The museum contains a fascinating selection of ancient objects to stir the imagination: coins, household items, utensils, jewelry, children’s toys, mosaics, and paintings. The exhibits add additional form and dimension to the story told by the ruins outside.
Access to the museum for people with reduced mobility is currently limited.
6. Empuries Is Family And Dog Friendly
A visit to Empuries is an ideal multi-generational family outing. Children will be fascinated by the exhibits in the museum, the ruins, and the story behind them. However, they need to understand that climbing on the ancient structures is a definite no-no for safety and site preservation.
The 6-euro admission charge is a bargain, but there are reduced rates for seniors, teachers, and other groups. Also, children under 16 and people with disabilities, along with their companions, are admitted free, making Empuries affordable for families.
Paved walkways make navigating the ruins easy, and well-placed signage in English and Spanish describes how each structure was used.
Some parts of the Roman city are not accessible for people in wheelchairs or who have difficulty walking. Some of the terrain is uneven and involves stairs. A clearly marked designated route is available for visitors in wheelchairs or with reduced mobility.
There is no onsite parking, but nearby facilities are affordable and sometimes -- depending on the time of year -- free. Onsite parking is available for people with reduced mobility at the Visitor Reception Center.
Dogs are welcome at the archeological site as long as they are on a leash. However, you can’t bring Fido -- unless he is a service dog -- into the museum.
7. Empuries Is A Living Archeological Site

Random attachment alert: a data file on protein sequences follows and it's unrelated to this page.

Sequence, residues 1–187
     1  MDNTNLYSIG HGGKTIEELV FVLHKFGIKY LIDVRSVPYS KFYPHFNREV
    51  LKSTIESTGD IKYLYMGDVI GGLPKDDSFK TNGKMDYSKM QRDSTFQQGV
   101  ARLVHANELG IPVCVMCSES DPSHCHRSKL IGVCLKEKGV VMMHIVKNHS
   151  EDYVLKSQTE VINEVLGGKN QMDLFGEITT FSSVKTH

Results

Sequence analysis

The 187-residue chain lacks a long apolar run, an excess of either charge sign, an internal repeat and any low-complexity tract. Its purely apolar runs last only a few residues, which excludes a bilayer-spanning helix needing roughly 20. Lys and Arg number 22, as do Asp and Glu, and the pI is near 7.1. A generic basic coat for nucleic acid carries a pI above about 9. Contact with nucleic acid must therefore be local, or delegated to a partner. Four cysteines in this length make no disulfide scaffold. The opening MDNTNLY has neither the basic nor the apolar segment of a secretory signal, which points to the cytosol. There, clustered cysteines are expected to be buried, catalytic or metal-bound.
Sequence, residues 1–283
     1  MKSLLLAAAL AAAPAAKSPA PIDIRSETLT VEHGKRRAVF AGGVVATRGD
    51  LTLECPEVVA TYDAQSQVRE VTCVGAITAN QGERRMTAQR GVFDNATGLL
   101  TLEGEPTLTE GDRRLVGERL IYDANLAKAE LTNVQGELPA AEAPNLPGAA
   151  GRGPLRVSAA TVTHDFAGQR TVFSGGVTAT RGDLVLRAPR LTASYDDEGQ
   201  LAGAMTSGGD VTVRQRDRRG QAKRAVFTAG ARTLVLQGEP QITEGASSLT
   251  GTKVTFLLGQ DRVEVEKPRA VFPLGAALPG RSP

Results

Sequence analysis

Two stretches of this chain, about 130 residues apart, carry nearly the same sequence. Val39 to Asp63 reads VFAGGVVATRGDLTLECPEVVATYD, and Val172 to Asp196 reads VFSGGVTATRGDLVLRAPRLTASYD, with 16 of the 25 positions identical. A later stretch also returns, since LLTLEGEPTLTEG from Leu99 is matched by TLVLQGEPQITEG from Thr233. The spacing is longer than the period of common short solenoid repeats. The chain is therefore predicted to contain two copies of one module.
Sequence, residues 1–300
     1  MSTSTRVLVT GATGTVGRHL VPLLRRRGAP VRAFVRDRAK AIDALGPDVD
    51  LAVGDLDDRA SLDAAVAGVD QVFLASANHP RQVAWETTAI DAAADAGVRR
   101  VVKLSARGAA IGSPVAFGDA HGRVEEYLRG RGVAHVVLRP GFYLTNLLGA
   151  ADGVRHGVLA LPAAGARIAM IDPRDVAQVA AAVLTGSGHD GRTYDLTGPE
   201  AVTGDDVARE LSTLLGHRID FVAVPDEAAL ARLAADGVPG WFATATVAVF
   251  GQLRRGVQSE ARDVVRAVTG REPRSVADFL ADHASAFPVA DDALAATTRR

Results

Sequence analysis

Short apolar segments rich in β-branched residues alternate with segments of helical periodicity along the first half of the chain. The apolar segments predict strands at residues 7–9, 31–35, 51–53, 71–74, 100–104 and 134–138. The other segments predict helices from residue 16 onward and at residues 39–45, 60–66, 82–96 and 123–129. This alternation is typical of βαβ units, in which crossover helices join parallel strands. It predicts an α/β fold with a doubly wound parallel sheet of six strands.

By the third century A.D., Empuries had been completely abandoned. Over time, all traces of the once-great cities slowly surrendered to the sand.
In 1908, archeologists discovered the ruins at Empuries and began to unearth its long-hidden treasures. To date, 25 percent of the site has been uncovered.
Excavations and research are ongoing. Each time you return, you will see the most recent discoveries. Many enthusiasts from Spain and other European countries make an annual visit to Empuries to see the newest archeological finds.
If the weather is fine, make sure to bring along your swimwear and a towel. Then go for a walk. You will find quiet, natural beaches and coves where you can indulge yourself in the soft, warm sands and sparkling blue waters of the Mediterranean. Consider doing some snorkeling near the ancient jetty.
Getting a little too hot? Take some off-the-beach time to cool off and picnic in the pine forest that lies between the medieval town of Sant Martí de Empuries and the jetty. You can relax while the kids play in the park.
9. The Village Of Sant Marti D’Empuries
The ruins of the original sixth-century B.C. Greek settlement lie under the village of Sant Marti d’Empuries. This 10th-century village makes a perfect ending to a day of time travel and beaching.
The village center has been tastefully restored, and the late gothic church is also worth a visit for one final history fix.
In Sant Marti d’Empuries, you’ll find a variety of restaurants serving traditional Catalonian specialties as well as some innovative dishes making the most of the area’s glorious bounty.
Spring and fall are ideal seasons to visit Empuries. You’ll miss the summer heat and crowds, as well as the unpredictable winter weather. Also, no matter what time of year you visit, there is no shade to be found among the ruins, so be sure to bring a hat and copious amounts of sunscreen.